Last spring at the Project-Based Learning Conference, Kids Who Know and Do, keynote speaker Linda Darling-Hammond retold the following story by John S. Taylor, Superintendent of Schools in the Lancaster County School District in South Carolina. In a room full of 5,000 educators, you could have heard a pin drop. Of course, during the witty dialogue and the ironic parts, outbursts of laughter filled the room.
My dentist is great! He sends me reminders so I don’t forget checkups. He uses the latest techniques based on research.
He never hurts me, and I’ve got all my teeth, so when I ran into him the other day, I was eager to see if he’d heard about the new state program. I knew he’d think it was great.
“Did you hear about the new state program to measure the effectiveness of dentists with their young patients?” I said. “No,” he said. He didn’t seem too thrilled. “How will they do that?”
“It’s quite simple,” I said. “They will just count the number of cavities each patient has at age 10, 14, and 18 and average that to determine a dentist’s rating. Dentists will be rated as excellent, good, average, below average and unsatisfactory. That way, parents will know which are the best dentists. It will also encourage the less effective dentists to get better,” I said. “Poor dentists who don’t improve could lose their licences to practise in South Carolina.” “That’s terrible,” he said.
“What? That’s not a good attitude,” I said. “Don’t you think we should try to improve children’s dental health in this state?”
“Sure I do,” he said, “but that’s not a fair way to determine who is practising good dentistry.”
“Why not?” I said. “It makes perfect sense to me.”
“Well, it’s so obvious,” he said. “Don’t you see that dentists don’t all work with the same clientele; so much depends on things we can’t control.
“For example, I work in a rural area with a high percentage of patients from deprived homes, while some of my colleagues work in upper-middle-class neighbourhoods. Many of the parents I work with don’t bring their children to see me until there is some kind of problem and I don’t get to do much preventative work.
“Also, many of the parents I serve let their kids eat way too much candy from a young age, unlike more educated parents who understand the relationship between sugar and decay.”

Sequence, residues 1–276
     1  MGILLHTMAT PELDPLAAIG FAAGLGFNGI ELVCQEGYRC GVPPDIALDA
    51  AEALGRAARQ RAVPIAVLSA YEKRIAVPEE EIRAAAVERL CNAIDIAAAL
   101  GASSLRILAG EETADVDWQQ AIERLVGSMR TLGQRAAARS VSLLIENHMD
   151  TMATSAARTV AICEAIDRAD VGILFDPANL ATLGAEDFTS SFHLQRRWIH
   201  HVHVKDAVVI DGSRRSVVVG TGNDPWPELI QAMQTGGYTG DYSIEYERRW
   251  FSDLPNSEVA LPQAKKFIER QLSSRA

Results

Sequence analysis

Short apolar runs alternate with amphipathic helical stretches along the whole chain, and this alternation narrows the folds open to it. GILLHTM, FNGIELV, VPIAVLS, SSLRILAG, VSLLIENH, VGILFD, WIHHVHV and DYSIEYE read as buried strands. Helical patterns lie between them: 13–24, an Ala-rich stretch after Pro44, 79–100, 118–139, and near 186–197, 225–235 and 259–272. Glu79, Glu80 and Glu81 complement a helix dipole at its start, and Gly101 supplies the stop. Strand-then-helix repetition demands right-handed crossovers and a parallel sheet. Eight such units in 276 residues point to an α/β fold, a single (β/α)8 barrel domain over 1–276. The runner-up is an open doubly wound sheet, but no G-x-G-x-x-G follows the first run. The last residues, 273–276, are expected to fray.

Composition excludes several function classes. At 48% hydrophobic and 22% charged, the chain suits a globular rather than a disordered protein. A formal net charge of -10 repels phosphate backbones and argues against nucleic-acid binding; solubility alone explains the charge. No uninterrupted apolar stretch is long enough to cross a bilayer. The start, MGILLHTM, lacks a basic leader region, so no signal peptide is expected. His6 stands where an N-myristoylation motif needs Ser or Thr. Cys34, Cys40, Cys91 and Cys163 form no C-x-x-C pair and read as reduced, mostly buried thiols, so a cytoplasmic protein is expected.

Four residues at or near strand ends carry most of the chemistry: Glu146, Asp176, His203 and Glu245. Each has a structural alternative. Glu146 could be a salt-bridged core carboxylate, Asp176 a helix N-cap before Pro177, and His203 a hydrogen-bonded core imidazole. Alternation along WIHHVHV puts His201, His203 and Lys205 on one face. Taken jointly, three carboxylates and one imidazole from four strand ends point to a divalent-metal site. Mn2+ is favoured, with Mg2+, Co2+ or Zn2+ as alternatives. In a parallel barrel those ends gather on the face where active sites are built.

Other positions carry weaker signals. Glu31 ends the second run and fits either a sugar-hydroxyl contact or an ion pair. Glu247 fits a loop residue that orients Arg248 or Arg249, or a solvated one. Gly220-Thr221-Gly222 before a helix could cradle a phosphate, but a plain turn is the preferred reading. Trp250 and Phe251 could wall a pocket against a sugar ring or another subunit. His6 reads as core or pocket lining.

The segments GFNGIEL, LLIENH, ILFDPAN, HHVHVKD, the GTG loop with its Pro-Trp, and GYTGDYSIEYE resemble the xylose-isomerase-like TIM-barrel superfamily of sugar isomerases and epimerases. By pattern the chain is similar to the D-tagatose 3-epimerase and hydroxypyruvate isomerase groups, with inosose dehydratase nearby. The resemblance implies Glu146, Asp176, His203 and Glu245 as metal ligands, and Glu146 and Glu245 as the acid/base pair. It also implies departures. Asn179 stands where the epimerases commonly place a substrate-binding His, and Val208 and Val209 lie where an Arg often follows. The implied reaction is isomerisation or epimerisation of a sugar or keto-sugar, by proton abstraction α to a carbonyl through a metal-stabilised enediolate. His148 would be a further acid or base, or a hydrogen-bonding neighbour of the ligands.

“To top it all off,” he added, “so many of my clients have well water which is untreated and has no fluoride in it. Do you have any idea how much difference early use of fluoride can make?”
“It sounds like you‘re making excuses,” I said. I couldn’t believe my dentist would be so defensive. He does a great job.
“I am not!” he said. “My best patients are as good as anyone’s, my work is as good as anyone’s, but my average cavity count is going to be higher than a lot of other dentists because I chose to work where I am needed most.”
“Don’t get touchy,” I said.
“Touchy?” he said. His face had turned red, and from the way he was clenching and unclenching his jaws, I was afraid he was going to damage his teeth. “Try furious. In a system like this,
I will end up being rated average, below' average or worse.
“My more educated patients who see these ratings may believe this so-called rating actually is a measure of my ability and proficiency as a dentist.They may leave me, and I’ll be left with only the neediest patients. And my cavity average score will get even worse.
“On top of that, how will I attract good dental hygienists and other excellent dentists to my practice if it is labelled below7 average?”
“I think you’re overreacting,” I said. “Complaining, excuse making, and stonewalling won’t improve dental health. I am quoting that from a leading member of the DOC,” I noted.
“What’s the DOC?” he said.
“It’s the Dental Oversight Committee,” I said, “a group made up of mostly lay persons to make sure dentistry in this state gets improved.”
“Spare me,” he said. “I can’t believe this. Reasonable people won’t buy it,” he said hopefully.
The program sounded reasonable to me, so I asked, “How else would you measure good dentistry?”
“Come watch me work,” he said. “Observe my processes.”
“That’s too complicated and time-consuming,” I said.
“Cavities are the bottom line, and you can’t argue with the bottom line. It’s an absolute measure.”
“That’s what I’m afraid my patients and prospective patients will think. This can’t be happening,” he said despairingly.
“Now, now,” I said, “don’t despair. The state will help you some.”
“How?” he said.
“If you’re rated poorly, they’ll send a dentist who is rated excellent to help straighten you out,” I said brightly.
“You mean,” he said, “they will send a dentist with a wealthy clientele to show me how' to work on severe juvenile dental problems with which I have probably had much more experience? Big help.”
“There vou go again,” I said. “You aren’t acting professionally at all.”
“You don’t get it?” he said. “Doing this would be like grading schools and teachers on an average score on a test of children’s progress without regard to influences outside the school, the home, the community' served and stuff like that. Why would they do something so unfair to dentists? No one would ever think of doing that to schools.”
I just shook my head sadiv, but he had brightened. “I’m going to write my representatives and senator,” he said. “I’ll use the school analogy, surely they’ll see my point.”
He walked off with that look of hope mixed with fear and suppressed anger that I see in the mirror so often lately.
John Taylor is Superintendent of Schools for the Lancaster County School District in Lancaster, South Carolina. He is a graduate of Davidson College with MEd and EdS degrees from the University of South Carolina. He has served as a teacher or administrator in several of South Carolina's most economically challenged school districts and has served as an education consultant at the Department of Education.